## Necessary and Sufficient Conditions for an Exact Differential

The exact ifferential of a function
$\phi$
is
$d \phi = \frac{\partial \phi}{\partial x} dx + \frac{\partial \phi}{\partial y} dy + \frac{\partial \phi}{\partial z} dz$
.
Theorem
If
$\mathbf{F} = F_1 \mathbf{i} + F_2 \mathbf{j} + F_2 \mathbf{k}$
then a necessary and sufficient condition for
$F_1 dx + F_2 dy +F_3 dz$
to be an exact differential is that
$\mathbf{\nabla} \times \mathbf{F}=0$
.
Proof
Assume That
$F_1 dx+F_2 dy+F_+3 dz$
is an exat differential so that
$F_1 dx+F_2 dy+F_+3 dz =d \phi = \frac{\partial \phi}{\partial x} dx + \frac{\partial \phi}{\partial y} dy + \frac{\partial \phi}{\partial z} dz$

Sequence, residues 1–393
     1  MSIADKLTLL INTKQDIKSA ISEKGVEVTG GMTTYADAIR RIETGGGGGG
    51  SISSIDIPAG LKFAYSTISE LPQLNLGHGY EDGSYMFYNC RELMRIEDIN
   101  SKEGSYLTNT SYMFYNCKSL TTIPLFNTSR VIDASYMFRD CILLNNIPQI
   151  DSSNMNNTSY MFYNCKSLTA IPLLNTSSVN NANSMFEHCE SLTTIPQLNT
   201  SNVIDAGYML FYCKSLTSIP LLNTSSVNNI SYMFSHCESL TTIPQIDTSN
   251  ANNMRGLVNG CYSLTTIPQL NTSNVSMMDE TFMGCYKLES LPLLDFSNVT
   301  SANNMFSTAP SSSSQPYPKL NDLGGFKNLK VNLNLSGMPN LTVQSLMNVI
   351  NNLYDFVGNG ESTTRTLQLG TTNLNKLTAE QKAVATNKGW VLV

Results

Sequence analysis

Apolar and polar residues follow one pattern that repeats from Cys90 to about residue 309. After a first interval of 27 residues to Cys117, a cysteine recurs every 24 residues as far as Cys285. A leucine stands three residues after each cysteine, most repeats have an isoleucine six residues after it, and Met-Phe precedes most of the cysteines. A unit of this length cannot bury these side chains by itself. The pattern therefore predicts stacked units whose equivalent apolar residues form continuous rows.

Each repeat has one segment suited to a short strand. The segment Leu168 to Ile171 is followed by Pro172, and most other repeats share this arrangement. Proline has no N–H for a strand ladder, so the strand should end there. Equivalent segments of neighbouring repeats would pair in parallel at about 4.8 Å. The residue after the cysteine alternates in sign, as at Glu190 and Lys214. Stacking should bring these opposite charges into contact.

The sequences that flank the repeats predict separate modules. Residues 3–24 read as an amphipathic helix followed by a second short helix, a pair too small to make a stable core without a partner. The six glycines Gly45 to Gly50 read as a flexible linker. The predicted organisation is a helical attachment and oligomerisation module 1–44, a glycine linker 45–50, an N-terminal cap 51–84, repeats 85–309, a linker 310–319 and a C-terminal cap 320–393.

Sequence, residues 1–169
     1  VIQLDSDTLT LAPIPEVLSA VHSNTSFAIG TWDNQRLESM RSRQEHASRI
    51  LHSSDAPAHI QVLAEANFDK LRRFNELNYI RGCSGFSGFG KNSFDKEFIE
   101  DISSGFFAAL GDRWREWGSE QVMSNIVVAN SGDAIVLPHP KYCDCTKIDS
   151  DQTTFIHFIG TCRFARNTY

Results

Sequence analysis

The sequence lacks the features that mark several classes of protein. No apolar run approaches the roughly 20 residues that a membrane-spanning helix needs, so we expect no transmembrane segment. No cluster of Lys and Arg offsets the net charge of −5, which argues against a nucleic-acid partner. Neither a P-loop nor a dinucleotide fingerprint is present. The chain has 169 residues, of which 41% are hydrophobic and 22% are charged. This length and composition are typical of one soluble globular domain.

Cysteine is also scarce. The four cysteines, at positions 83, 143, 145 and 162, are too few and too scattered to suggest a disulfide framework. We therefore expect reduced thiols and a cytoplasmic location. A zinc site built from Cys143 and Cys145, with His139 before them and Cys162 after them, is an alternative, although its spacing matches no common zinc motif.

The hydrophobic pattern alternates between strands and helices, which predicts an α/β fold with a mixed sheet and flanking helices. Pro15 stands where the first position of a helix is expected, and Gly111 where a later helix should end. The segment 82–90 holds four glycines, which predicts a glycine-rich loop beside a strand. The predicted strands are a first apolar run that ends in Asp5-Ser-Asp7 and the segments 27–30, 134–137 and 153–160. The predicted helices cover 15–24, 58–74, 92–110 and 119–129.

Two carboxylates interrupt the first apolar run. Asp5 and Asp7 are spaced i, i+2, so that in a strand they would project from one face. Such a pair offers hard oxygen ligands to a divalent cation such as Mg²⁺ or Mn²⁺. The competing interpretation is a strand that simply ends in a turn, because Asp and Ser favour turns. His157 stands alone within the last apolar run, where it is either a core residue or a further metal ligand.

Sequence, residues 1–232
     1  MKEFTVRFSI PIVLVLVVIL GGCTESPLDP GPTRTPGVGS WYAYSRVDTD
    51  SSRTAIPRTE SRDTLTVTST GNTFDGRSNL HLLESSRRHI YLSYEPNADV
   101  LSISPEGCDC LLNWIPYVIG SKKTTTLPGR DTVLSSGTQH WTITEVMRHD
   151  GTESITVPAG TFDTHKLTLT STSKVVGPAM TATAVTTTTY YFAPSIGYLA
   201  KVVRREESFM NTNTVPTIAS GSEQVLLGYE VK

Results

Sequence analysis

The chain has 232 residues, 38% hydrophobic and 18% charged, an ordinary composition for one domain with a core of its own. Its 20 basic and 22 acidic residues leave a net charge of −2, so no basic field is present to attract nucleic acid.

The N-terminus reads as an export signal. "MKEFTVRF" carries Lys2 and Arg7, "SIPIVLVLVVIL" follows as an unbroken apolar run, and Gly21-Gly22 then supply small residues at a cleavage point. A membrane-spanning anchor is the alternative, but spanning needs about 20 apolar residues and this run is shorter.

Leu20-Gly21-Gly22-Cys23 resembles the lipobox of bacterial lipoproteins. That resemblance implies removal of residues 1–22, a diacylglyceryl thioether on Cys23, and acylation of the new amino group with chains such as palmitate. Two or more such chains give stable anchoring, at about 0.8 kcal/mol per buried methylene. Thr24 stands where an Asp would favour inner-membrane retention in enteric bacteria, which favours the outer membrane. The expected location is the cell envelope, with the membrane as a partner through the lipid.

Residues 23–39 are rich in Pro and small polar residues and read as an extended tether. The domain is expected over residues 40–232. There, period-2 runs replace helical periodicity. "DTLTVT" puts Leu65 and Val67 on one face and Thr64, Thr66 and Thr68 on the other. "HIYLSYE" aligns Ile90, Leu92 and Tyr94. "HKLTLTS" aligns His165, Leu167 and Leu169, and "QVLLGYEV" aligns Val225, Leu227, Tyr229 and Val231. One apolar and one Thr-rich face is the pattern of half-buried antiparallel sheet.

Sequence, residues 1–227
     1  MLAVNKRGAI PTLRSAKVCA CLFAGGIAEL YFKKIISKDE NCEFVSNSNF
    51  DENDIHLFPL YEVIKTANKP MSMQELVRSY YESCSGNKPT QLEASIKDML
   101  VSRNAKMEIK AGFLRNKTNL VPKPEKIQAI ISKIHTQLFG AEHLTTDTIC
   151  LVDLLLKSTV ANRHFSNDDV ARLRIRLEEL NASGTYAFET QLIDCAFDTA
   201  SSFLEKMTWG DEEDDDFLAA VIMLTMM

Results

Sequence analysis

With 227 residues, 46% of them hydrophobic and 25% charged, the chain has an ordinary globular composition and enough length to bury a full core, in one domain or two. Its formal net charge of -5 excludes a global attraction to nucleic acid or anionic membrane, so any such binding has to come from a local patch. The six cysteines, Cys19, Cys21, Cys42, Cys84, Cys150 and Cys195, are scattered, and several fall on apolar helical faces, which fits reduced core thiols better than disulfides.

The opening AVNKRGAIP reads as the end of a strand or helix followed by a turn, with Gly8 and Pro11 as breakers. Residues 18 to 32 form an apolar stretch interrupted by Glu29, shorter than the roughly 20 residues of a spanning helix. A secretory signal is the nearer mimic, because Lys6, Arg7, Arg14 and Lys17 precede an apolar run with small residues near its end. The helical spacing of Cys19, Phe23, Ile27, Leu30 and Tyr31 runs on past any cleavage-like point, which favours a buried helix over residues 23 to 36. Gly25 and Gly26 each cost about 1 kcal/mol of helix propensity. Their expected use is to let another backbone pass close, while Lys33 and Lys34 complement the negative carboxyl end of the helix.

.
Then
$F_1 = \frac{\partial \phi}{\partial x} , F_2 = \frac{\partial \phi}{\partial y} , F_3 = \frac{\partial \phi}{\partial z}$
and
$\mathbf{F}= \mathbf{\nabla} \phi$
.
It follows that
$\mathbf{\nabla} \times \mathbf{F} = \mathbf{\nabla} \times (\mathbf{\nabla} \phi )= \mathbf{0}$

If
$\mathbf{\nabla} \times \mathbf{F}=\mathbf{0}$
then there exists a function
$\phi$
satisfying
$\mathbf{F}= \mathbf{\nabla} \phi$

Then
$\mathbf{F} \cdot d \mathbf{r} = (\mathbf{\nabla} \phi) \cdot d \mathbf{r} =\frac{\partial \phi}{\partial x} dx + \frac{\partial \phi}{\partial y} dy + \frac{\partial \phi}{\partial z} dz= d \phi$

Hence
$F_1 dx + F_2 dy +F_3 dz = d \phi$